The Effulgence Within > Comments on Faustus: an Extension of Marlowe's Renaissance Temper (inspired by RPresta)

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Re: Re: yes dear Shobs

Contrasted ... U no the no. Of typos I make.

posted by anibanerjee on November 16, 2016 at 8:16 PM | link to this | reply

Re: yes dear Shobs

The seeking after secret knowledge for attaining power, con treatised with the seeking after secret knowledge for the good of all is beautifully explained in Shakesoeare's The Tempest. Pemeber Prospero the character. He forgave the wrong-doers his brother, Alonso. 

posted by anibanerjee on November 16, 2016 at 8:15 PM | link to this | reply

Well necromancy and conjuration is something vile and sinister and to seek redress or forgiveness makes Fautus look shallow and not genuine in his attempt to be forgiven.

posted by shobana on November 16, 2016 at 4:54 AM | link to this | reply

Re: Re: Kabu

posted by Kabu on November 10, 2016 at 2:58 PM | link to this | reply

Re: yes you can say that FSI. Many thnx.

posted by anibanerjee on November 9, 2016 at 8:31 PM | link to this | reply

Re: Kabu

i think we use our own discretion in what we follow or not. Best of luck walking in the woods and sa or the warmth of the day. 

posted by anibanerjee on November 9, 2016 at 8:30 PM | link to this | reply

Re: I agree with RP & U about the writing.Jesus, says something different re.

You very rightly say so UKUSA. Since I find interest generated in the  topic I'll continue some more discussions on the story so that it may raise those questions that Marlowe went wrong in and we have the correct perspective of the aberrations in the play. Thanx a lot.

posted by anibanerjee on November 9, 2016 at 8:24 PM | link to this | reply

Re: Aba

Marlowe's considering redemption through Faustus is the natural consequence of the play. I'll have to tailor the language to cater to this question because I see your queries thoughtful, and they do need considered answers. Thank you so very much. I hope this should be covered in Faustus' last soliloquy. 

posted by anibanerjee on November 9, 2016 at 8:19 PM | link to this | reply

He had a very interesting life.

posted by FormerStudentIntern on November 9, 2016 at 6:51 AM | link to this | reply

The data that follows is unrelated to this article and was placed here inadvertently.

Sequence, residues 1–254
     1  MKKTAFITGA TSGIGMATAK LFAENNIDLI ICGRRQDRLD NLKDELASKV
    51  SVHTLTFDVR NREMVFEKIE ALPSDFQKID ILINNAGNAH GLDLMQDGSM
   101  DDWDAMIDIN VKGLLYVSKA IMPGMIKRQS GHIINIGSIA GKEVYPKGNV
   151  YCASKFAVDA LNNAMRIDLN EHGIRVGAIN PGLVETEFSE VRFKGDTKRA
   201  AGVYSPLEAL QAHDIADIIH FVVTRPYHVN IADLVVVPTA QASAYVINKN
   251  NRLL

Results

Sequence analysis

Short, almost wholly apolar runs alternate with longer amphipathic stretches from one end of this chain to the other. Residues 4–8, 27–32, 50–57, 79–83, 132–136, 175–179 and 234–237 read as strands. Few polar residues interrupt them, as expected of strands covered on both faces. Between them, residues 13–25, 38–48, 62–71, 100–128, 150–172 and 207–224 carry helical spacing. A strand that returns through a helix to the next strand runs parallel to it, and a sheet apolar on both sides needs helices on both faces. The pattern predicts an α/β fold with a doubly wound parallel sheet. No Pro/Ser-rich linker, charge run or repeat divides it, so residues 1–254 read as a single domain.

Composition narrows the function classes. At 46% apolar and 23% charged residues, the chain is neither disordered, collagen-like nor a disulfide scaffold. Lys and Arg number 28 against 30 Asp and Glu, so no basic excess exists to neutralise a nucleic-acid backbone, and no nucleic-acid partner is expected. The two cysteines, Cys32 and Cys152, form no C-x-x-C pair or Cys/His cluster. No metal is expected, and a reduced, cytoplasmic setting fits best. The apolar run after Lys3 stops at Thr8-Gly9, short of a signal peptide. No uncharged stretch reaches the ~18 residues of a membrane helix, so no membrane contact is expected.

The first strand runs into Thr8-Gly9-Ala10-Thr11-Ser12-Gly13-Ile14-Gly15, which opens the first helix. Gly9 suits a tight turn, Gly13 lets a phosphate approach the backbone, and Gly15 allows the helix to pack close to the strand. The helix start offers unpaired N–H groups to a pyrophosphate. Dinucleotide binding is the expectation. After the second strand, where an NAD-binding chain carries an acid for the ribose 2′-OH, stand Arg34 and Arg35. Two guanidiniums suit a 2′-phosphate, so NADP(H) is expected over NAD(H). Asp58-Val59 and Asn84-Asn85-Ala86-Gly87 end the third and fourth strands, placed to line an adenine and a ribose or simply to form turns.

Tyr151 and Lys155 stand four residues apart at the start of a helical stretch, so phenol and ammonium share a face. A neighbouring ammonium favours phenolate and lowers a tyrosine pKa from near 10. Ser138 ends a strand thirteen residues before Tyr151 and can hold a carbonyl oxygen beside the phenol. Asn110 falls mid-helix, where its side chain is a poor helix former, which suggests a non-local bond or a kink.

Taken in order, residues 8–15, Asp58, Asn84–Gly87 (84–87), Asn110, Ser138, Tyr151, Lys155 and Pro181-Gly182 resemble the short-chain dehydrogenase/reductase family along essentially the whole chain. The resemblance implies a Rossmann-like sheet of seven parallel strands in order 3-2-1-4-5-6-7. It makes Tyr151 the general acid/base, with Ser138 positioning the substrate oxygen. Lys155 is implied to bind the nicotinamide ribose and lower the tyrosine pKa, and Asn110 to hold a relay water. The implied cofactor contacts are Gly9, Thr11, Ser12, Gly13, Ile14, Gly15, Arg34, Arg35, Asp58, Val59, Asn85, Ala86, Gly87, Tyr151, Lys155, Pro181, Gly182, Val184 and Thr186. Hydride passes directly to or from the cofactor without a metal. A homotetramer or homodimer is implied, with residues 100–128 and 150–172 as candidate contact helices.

Never was or am a follower of Marlowe but that is OK. It takes radical people to bring change and the World is ever in need of change. I am going for a walk in the Woods today when the day warms up and commune with my Gof and regenerate my energies.

posted by Kabu on November 9, 2016 at 5:38 AM | link to this | reply

I agree with RP & U about the writing.Jesus, says something different re.

regarding SALVAION of one's eternal soul. That there is a chance to repent when humans may think it is too late for Mr. T or Miss. S. God's mercy & love is not contained in human formulations: God's immense "loving kindness" is the mother of what we try to call  L O V E. That love also is JESUS on a cruel CROSS - Marlowe is not unique, Adam & Eve made a similar bargain, as did all humans other than Noah and his 7 family members on the ark. Or more recently, in the Stevenson classic, "Dr. Jekyll and Mr. Hyde." All permutations of selling one's soul for an extra lease on carnal life, are embodied in these litearry themes, motifs, & writers ... plagued by their indecision about God's way, or the way of the Mind/Reason/Independence. shalom, shalom - and thanks always for inspiring & adding to serious questions.

posted by NocrossJustchristmas on November 9, 2016 at 2:45 AM | link to this | reply

Aba

Ah, thank you, so wonderfully written. And, so interesting to read; to contemplate. The paradox of intellectualism, and intellect is that it often runs parallel to doubts about traditional religions, or any religion, but can be reconciled. A topic for consideration later, perhaps... Marlowe's secret studies of the occult would have been the end of him; hence the necessity for secretiveness; much as in Leonardo's time when the pursuit of knowledge was restricted. Marlowe's passion for knowledge infinite, as reflected in Faustus, is also reflected in the mirror of humankind, to a degree. In other words, we are are tempted to pursue things of the darker side, to a degree. It is human nature, and we attempt to transcend that. Marlow may have been somewhat self-absorbed, or merely self-aware, revealing, perhaps subconsciously, his darker, more unappealing side as portrayed in his way of dealing with Faustus in the play. Your ending paragraph, Aba, is so on point, and one still wonders if perhaps Marlowe was asking for, or considering, the possibility of redemption for himself if necessary, through Faustus, on some level. I do love the soliloquy to Helen of Troy, and look forward to your post about the last soliloquy before he is carried away. To me, salvation of the soul of Faustus would have been an interesting end to the play, though not as dramatic. So interesting, this post.    

posted by RPresta on November 8, 2016 at 10:18 PM | link to this | reply

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